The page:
As part of the project we will be recording personal data relating to you. This will include you email address and name (so we can contact you), your age, broad occupation (e.g. social care manager, domestic abuse support worker), and your gender.This will be processed in accordance with the General Data Protection Regulation (GDPR).Under GDPR the legal basis for processing your personal data will be public interest/the official authority of the University.

What happens to the data I provide?

We will store all your answers, with all identifying information (like names, places, or other identifying detail) removed. Researchers will look at your answers, to see what patterns there are in responses.In reports and articles, we will use direct quotes from survey,  names and identifying information will not be used.
All data will be carefully and privately stored, in either a locked cabinet, or on an encrypted data storage device. Data will be kept securely for a period of 10 years, and then will be destroyed. Information you provide to us will not be told to anyone else, unless you tell us something that makes us worry about your safety, or the safety of another person. If we do need to talk to someone else about a safety concern, we will tell you before we do that.


Will the research be published?

The research will be published in a report to Respect and Women’s Aid, and to the Home Office, and in academic publications (like articles and books). You will not be identifiable in any report/publication. If you would like to receive a copy of the report, please tell the researcher, and she will make sure that it is sent to you when it is completed. Other articles based on the research can also be made available on request.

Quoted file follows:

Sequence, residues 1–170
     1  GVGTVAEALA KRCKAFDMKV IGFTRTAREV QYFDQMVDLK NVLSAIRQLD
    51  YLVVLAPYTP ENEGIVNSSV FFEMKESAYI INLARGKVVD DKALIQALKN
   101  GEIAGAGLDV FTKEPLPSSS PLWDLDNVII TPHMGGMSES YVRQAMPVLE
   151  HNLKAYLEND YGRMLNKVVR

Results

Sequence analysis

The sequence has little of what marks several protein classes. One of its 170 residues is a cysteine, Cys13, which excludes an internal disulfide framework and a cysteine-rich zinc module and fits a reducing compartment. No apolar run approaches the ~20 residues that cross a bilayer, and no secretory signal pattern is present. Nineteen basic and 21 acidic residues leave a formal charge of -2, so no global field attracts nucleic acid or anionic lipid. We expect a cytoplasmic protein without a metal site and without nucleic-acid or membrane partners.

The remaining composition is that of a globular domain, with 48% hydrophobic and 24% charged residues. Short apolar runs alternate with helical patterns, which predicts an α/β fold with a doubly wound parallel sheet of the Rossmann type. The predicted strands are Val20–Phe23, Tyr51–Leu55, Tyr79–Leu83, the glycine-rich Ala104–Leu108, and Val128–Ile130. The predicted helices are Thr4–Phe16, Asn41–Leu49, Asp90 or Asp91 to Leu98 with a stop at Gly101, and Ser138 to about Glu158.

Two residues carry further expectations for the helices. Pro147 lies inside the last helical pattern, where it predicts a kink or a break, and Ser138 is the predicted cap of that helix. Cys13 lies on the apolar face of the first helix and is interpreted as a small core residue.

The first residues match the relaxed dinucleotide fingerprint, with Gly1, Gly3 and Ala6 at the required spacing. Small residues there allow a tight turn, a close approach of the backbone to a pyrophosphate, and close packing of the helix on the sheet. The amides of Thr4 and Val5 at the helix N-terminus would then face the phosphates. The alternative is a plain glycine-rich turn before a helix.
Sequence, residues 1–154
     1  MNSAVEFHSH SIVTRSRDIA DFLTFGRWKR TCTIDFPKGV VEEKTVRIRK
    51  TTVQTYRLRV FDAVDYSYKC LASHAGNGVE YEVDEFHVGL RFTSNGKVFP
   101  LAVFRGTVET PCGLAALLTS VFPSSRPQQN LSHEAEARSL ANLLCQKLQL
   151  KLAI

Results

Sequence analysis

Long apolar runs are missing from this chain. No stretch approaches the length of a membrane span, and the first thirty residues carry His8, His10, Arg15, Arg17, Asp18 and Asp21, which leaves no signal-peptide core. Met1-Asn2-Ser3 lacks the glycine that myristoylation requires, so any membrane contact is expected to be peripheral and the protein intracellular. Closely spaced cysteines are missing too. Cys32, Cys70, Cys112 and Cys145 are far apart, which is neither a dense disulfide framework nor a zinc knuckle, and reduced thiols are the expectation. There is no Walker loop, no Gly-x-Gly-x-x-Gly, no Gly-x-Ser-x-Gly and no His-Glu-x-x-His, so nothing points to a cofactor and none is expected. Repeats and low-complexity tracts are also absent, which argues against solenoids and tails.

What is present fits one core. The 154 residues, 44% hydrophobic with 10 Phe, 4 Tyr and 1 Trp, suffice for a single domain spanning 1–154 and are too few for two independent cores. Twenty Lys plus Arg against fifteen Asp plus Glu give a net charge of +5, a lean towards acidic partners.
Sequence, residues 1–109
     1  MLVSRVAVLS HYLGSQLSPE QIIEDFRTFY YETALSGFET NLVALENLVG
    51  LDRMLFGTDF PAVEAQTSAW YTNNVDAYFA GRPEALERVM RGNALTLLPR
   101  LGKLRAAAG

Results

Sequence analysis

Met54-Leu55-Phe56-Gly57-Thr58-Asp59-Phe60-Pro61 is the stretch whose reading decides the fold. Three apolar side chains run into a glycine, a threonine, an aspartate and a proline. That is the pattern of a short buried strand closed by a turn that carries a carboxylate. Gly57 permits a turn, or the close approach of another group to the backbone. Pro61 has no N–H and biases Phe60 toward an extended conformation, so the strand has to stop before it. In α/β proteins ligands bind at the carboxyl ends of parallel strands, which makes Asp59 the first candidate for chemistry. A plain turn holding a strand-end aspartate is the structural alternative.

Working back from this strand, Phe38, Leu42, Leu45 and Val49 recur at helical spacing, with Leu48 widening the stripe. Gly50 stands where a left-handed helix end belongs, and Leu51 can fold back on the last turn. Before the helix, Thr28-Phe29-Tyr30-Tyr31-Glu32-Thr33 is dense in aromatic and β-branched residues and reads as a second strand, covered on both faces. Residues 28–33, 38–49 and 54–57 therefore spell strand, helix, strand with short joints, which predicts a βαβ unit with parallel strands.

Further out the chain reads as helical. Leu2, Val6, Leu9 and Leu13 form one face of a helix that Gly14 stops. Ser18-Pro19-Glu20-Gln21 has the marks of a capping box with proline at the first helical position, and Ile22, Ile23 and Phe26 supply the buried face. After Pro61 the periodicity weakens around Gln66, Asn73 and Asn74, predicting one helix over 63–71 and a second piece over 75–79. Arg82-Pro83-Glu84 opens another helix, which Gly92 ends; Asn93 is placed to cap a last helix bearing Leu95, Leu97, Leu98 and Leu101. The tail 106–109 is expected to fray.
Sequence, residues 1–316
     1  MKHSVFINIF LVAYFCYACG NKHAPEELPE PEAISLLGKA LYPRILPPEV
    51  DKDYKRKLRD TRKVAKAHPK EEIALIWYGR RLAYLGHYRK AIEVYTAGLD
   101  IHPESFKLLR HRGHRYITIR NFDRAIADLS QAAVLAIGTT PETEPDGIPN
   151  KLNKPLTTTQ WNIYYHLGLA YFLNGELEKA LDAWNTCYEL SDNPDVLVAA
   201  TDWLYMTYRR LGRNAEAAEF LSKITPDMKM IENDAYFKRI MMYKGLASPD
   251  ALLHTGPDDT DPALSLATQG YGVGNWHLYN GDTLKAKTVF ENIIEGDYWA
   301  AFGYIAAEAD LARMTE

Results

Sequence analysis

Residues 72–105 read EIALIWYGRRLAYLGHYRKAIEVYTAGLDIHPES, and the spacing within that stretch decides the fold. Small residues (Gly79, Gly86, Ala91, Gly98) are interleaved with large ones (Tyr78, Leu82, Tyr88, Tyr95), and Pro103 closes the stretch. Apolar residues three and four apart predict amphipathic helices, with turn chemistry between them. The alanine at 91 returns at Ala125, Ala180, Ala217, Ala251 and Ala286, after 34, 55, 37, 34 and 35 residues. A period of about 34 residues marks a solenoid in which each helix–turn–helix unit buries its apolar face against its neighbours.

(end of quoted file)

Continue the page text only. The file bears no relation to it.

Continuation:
The University of Stirling is committed to making the outputs of research publicly accessible and supports this commitment through our online open access repository STORRE. Unless funder/publisher requirements prevent us this research will be publicly disseminated through our open access repository.

Who is organising and funding the research?

The Make a Change project is funded by the Home Office, and delivered by Women’s Aid / Respect.

Who has reviewed this research project?

This project has been ethically approved via The University of Stirling (General University Ethics Panel).

Your rights

You have the right to request to see a copy of the information we hold about you and to request corrections or deletions of the information that is no longer required.

You have the right to withdraw from this project at any time without giving reasons and without consequences to you.You also have the right to object to us processing relevant personal data however, please note that once the data are being analysed and/or results published it may not be possible to remove your data from the study.

Who do I contact if I have concerns about this study or I wish to complain?

If you would like to discuss the research with someone you can contact the researchers directly ( or If you would like to complain, please contact the Dean Alison Bowes on

You have the right to lodge a complaint against the University regarding data protection issues with the Information Commissioner’s Office (

The University’s Data Protection Officer is Joanna Morrow, Deputy Secretary.If you have any questions relating to data protection these can be addressed to in the first instance.

You will be given a copy of this information sheet to keep.

Thank you for your participation.